BOONE — The Paul H. Broyhill Wellness Center is currently in the process of being re-imagined to serve the community, which includes removing the lap pool.
Rob Hudspeth, senior vice president for system advancement at Appalachian Regional Healthcare System, said for the past three years, the health care system has been in the process of revitalizing all of its facilities and services to prepare for growth in the coming decades, which included the Wellness Center.
“Since the county announced that they were going forward with the recreation center, we’ve been contemplating what that means for the future of the Wellness Center, especially being that they’re a block apart,” Hudspeth said.
One of the biggest changes coming to the center is the removal of the lap pool.
“This decision was based on utilization of our pool and the availability of the pool at the new recreation center,” Hudspeth said. “We have not made a determination regarding the therapy pool and are still evaluating how and where to continue those services.”
If the Watauga Community Recreation Center did not have a pool, Hudspeth said the lap pool at the Wellness Center would most likely stay open.
Mary Stolberg, a member of the Wellness Center, is disappointed that the lap pool will be closing. She said that as a cancer survivor and someone who suffers from an autoimmune disorder, she would rather swim in a cleaner pool rather than one that’s frequented by children and many other people.
“I think it’s just a mistake for people who are immunocompromised and older to be exposed to that and I think it’s a real disservice,” Stolberg said. “It just is not wise to put us into a pool where we are with unvaccinated people and germ carriers.”
She also said the Wellness Center offers more privacy for someone like her who is older, verses locker rooms at the Watauga Community Recreation Center.
Stolberg, who has been a lifelong swimmer, had constantly used the lap pool before COVID-19 pandemic, but has not during the pandemic due to health concerns. She said she plans to use it as she can while it’s still available.
During her 31 years in the county, Stolberg said she has had very good experiences with the hospital, but she is upset the lap pool is being removed.
The re-imagining of the center, Hudspeth said, is directly related to growth in three key areas. The first is AppOrtho, which has grown 213 percent in the past five years.
“As AppOrtho seeks to grow to meet the community’s demand — and develop a comprehensive sports medicine and performance lab — relocating to the Wellness Center made the most sense,” Hudspeth said. “Having AppOrtho located beside The Rehabilitation Center, where orthopedic providers and physical therapists can work in concert, will allow for care continuity under one roof.”
Hudspeth said that currently, people would go to the AppOrtho office for their medical appointment and then go to the Wellness Center for their physical therapy. With the Wellness Center changes, patients will have it all in one building.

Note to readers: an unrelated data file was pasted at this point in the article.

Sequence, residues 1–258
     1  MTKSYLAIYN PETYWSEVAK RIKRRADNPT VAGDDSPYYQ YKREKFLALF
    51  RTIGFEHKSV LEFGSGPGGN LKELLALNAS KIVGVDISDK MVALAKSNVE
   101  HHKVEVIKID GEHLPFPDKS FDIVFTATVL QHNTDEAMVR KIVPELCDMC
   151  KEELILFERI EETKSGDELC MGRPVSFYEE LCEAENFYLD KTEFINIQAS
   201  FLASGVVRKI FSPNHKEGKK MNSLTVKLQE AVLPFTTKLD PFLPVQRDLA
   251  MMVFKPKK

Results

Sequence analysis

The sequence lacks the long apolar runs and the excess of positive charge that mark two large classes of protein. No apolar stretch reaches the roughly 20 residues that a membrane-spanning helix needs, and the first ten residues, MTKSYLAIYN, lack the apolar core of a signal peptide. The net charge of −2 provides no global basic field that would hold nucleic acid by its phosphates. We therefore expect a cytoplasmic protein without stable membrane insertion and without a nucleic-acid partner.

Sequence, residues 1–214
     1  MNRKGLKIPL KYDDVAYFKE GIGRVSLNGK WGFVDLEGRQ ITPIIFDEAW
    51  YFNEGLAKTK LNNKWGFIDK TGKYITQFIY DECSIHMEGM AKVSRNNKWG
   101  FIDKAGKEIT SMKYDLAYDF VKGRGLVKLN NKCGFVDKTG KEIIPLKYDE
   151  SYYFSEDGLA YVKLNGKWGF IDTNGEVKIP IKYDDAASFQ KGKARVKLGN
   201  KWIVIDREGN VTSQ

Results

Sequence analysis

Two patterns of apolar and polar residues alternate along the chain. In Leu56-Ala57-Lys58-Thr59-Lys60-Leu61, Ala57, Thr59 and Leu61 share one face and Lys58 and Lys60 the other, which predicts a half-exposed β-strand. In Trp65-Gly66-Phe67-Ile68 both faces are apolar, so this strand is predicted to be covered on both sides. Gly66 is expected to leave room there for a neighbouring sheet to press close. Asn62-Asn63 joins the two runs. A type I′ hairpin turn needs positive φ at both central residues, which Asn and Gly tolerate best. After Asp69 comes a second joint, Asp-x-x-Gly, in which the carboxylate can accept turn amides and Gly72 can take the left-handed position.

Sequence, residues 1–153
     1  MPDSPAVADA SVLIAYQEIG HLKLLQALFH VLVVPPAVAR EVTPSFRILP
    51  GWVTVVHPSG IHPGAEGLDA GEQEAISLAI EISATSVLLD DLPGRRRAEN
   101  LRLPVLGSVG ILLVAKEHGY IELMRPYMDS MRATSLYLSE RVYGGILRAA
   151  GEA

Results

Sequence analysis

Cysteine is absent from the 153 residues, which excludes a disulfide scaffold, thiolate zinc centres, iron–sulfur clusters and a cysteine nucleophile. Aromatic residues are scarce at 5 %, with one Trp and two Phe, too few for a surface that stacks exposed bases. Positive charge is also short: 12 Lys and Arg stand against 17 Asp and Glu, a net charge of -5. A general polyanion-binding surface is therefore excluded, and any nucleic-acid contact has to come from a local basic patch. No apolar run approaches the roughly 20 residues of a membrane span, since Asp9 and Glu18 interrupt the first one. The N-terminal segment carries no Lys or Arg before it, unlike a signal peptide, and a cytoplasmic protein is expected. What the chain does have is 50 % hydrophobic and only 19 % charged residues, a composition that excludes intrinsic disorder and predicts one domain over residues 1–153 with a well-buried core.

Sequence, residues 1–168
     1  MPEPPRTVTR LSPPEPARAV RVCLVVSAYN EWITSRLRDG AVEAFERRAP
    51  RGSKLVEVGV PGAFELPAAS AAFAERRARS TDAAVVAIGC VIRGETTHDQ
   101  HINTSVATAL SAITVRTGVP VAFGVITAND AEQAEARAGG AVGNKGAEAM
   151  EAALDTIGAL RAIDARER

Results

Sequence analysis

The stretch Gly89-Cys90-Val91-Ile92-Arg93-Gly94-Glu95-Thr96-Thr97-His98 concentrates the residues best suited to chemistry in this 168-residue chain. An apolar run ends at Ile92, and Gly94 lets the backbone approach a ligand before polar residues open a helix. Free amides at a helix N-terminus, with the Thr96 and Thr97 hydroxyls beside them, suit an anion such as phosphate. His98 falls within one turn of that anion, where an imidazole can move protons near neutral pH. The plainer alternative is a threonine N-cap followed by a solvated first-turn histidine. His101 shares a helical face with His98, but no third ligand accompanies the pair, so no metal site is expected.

The sports medicine and performance lab would be able to help athletes who are dealing with an injury, such as tendinitis in an elbow of a softball pitcher. The player could go to the lab and staff would monitor the throwing motion and assess the mechanics to determine what’s causing the injury.
While AppOrtho has grown immensely, so has The Rehabilitation Center — with physical and occupational therapy services — located within the Wellness Center. Hudspeth said the rehabilitation portion has grown 162 percent since 2018 with therapists providing therapy in “tight, confined spaces.”
The new plan, Hudspeth said, allows for the physical and occupational therapy to have more space and grow with demand. Along with that comes change in how clinical wellness and medical fitness programs are delivered.
“As we continue to shift toward prioritizing population health management we will adopt processes which align patients with targeted medical wellness programs,” Hudspeth said. “These programs will be directed by medical providers and carried out by therapists and personal trainers in a newly renovated space within the Wellness Center. We will continue to offer memberships for people who seek to ensure their personal physical fitness beyond their medical fitness program.”
Hudspeth said the new architectural designs will be finalized in the next few weeks and, once they are complete, will be posted in the Wellness Center.
HIGH COUNTRY — MountainTrue, an environmental organization based in the Southern Blue Ridge, announced June 2 that their Watauga Riverkeeper installed Boone’s first Trash Trout in Winkler Creek along the Greenway in partnership with the town of Boone.
The Trash Trout Jr. is a passive litter collection device that catches debris floating down a waterway for removal. A large cage with a wide mouth that floats on pontoons, the Trash Trout is installed in creeks and streams where it prevents trash from entering main waterways. MountainTrue says that large pieces of trash and plastic are trapped inside the Trash Trout, while smaller organic matter passes through and other aquatic wildlife pass below the device.